Banks too big to jail, fail or nail face new scrutiny

People walk along Wall Street near the New York Stock Exchange on March 5, 2013, in New York City.
Spencer Platt/Getty Images

(MoneyWatch) If partisanship has divided the country and brought Washington to a virtual standstill, the left and right are increasingly making common cause on one issue: Big banks remain a grave danger to the financial system, and it's about time something was done. 

To say that liberal Democrats and some hardcore Republicans are united on the risks posed by "too big to fail" banks isn't to say that there is a consensus in Congress on the matter. Most lawmakers -- and the government regulators tasked with policing the financial industry -- seem content with the official government line that the banking sector is stable again after its post-housing crash brush with insolvency. The Obama administration also shows little interest in re-opening the case, which White House officials say was adequately addressed with the 2010 passage of the Dodd-Frank financial reform law.

But a new spirit does appear to be afoot among policy makers, amplified by a growing chorus of media voices, that is willing to challenge Wall Street and push for additional reform. That view is anchored in the widespread public anger over the lack of banker prosecutions, a legal cul de sac that resulted in U.K. financial giant HSBC in December getting off with a fine for laundering hundreds of billions of dollars for the Iranian government and Mexican drug dealers.

The infamous case of the "London Whale" at JPMorgan Chase (JPM), whose bad trades in 2011 could cause at least $6.2 billion in losses, was another stark reminder that even banks with a reputation for shrewd management are vulnerable and opaque.

No one personifies that newfound pugnacity on Capitol Hill better than noted bank scourge Elizabeth Warren. The Massachusetts Democrat made a startling debut as a freshman senator on the Senate Banking Committee in February when she scolded banking regulators for not taking top bankers to trial for financial crimes.

"The question I really want to ask is how tough you are," she said. "Tell me a little bit about the last few times you have taken the biggest financial institutions on Wall Street all the way to a trial." Her question was met with silence by the uncomfortable bureaucrats. Then, like an impatient law professor confronting under-prepared students: "Anybody?"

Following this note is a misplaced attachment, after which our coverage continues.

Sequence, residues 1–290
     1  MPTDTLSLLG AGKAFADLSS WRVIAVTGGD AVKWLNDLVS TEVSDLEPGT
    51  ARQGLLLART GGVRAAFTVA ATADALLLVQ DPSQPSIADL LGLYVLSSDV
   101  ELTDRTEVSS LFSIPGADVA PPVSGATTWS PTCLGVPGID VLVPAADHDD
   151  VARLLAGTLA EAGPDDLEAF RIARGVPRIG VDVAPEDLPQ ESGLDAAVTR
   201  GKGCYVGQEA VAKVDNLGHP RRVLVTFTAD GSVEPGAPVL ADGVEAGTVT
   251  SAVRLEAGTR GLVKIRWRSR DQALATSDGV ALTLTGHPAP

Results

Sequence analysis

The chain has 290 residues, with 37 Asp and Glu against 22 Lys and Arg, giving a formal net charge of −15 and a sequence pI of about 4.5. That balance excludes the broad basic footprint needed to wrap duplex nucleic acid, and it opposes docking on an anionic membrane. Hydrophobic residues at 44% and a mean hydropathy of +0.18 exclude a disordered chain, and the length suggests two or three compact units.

Several members of the audience broke into applause, an uncommon show of enthusiasm in congressional hearings. The response was one of many indications not only of Warren's popularity, but also of the resurgence of worries about the power held by the country's largest financial institutions.

Meanwhile, two Federal Reserve Board governors have recently called for action to defuse the threat of big banks. Fed board member Jerome Powell spoke in support of stringent regulations on the banks, while Dallas Fed president Richard Fisher has argued that big banks should be broken up, an idea he was expected to reiterate at a meeting of conservatives in National Harbor, Md., on Friday.

Perhaps most tellingly, even Attorney General Eric Holder, widely criticized for taking a soft approach as a prosecutor toward the banks, acknowledged recently what most observers already knew -- that the power and size of the banks gives them legal protection.

"I am concerned that the size of some of these institutions becomes so large that it does become difficult for us to prosecute them when we are hit with indications that if we do prosecute -- if we do bring a criminal charge -- it will have a negative impact on the national economy, perhaps even the world economy," Holder told senators last week. "I think that is a function of the fact that some of these institutions have become too large."